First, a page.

Markets tend to price in economists’ consensus forecasts (we use those reported by MarketWatch) in advance of the publication of reports. So it’s usually the difference between the actual reported numbers and the forecast that has the greatest effect. That means even an extreme difference between actuals for the previous reporting period and this one can have little immediate impact, providing that difference is expected and has been factored in ahead.

  • Monday: December construction spending (actual -0.6 percent; forecast +0.3 percent; previous +0.8 percent)
  • Tuesday: December new home sales  (forecast 576.000 units) and February’s ISM non-manufacturing index (forecast 57.4 percent) from the Institute for Supply Management
  • Wednesday: December’s trade balance (forecast -$57.8 billion). ADP employment figures can also be important as a predictor of how Friday’s official payroll figures will turn out
  • Thursday: weekly jobless claims (224,000 forecast), productivity for Q4 2018 (forecast +1.7 percent)
  • Friday: official employment data for February, including nonfarm payrolls (forecast +180,000) and average hourly earnings (forecast +0.3 percent). Plus January housing starts (forecast: 1.222 million annualized)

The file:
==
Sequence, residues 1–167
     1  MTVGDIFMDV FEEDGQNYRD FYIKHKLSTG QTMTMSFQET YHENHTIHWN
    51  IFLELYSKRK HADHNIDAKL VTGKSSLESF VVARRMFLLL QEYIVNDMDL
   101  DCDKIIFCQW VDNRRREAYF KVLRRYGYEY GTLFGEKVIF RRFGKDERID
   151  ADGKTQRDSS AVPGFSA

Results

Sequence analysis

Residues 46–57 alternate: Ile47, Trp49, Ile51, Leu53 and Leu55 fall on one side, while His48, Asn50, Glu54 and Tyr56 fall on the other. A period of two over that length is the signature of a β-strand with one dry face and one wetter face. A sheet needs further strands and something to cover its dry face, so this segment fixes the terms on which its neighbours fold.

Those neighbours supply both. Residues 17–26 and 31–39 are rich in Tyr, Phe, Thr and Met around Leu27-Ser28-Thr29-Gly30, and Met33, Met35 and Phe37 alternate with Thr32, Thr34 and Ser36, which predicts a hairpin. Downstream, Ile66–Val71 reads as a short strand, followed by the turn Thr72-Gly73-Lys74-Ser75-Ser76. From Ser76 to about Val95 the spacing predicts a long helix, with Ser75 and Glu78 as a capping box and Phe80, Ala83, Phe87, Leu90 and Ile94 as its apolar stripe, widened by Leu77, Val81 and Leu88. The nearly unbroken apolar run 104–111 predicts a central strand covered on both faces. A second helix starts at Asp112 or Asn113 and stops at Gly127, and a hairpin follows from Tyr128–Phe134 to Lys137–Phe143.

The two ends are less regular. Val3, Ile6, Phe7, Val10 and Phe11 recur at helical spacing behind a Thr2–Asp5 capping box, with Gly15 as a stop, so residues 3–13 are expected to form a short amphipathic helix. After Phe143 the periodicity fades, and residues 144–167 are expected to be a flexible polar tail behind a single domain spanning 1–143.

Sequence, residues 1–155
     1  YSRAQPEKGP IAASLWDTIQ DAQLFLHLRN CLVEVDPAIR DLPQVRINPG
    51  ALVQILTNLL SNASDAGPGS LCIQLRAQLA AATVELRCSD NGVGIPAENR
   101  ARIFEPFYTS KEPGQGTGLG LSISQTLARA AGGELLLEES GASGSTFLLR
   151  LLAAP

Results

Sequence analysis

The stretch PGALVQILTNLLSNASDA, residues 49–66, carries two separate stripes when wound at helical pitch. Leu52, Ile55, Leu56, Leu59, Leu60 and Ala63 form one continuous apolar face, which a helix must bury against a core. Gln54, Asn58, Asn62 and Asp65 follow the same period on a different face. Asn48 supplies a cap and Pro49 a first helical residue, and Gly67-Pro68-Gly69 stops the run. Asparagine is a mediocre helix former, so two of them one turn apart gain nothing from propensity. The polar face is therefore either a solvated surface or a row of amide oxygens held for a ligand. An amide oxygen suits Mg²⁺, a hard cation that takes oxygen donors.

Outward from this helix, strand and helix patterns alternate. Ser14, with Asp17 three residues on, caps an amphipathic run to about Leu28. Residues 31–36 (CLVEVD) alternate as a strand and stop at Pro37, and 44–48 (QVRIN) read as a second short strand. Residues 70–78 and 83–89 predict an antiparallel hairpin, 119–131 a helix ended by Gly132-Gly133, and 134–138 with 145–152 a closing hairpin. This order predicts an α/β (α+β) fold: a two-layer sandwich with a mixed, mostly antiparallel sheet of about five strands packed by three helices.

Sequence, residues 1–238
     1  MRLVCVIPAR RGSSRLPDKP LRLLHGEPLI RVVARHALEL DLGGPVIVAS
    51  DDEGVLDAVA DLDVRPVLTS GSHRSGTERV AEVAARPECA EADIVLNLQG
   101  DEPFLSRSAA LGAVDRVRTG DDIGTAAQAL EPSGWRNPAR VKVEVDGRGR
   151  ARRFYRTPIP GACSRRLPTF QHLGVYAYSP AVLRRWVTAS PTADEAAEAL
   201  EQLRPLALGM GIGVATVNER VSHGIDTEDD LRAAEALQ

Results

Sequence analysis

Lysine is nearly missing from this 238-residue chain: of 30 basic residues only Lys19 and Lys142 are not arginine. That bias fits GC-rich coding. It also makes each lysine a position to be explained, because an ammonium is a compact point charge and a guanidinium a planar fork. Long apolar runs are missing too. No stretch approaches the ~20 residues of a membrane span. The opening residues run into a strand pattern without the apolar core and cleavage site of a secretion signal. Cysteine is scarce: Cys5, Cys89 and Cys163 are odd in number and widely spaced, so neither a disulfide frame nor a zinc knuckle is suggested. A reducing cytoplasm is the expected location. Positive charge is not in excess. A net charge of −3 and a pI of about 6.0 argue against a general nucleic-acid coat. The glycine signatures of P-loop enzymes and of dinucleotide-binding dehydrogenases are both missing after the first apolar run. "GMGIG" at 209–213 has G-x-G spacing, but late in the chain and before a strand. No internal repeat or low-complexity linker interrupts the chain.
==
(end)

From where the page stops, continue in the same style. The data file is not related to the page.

MarketWatch’s economic calendar remains slightly chaotic in the wake of the recent government shutdown. Some numbers published this week are for earlier periods than would normally be the case, and others are still being delayed.

What causes rates to rise and fall?

Mortgage interest rates depend a great deal on the expectations of investors. Good economic news tends to be bad for interest rates because an active economy raises concerns about inflation. Inflation causes fixed-income investments like bonds to lose value, and that causes their yields (another way of saying interest rates) to increase.

For example, suppose that two years ago, you bought a $1,000 bond paying 5 percent interest ($50) each year. (This is called its “coupon rate” or “par rate” because you paid $1,000 for a $1,000 bond, and because its interest rate equals the rate stated on the bond — in this case, 5 percent).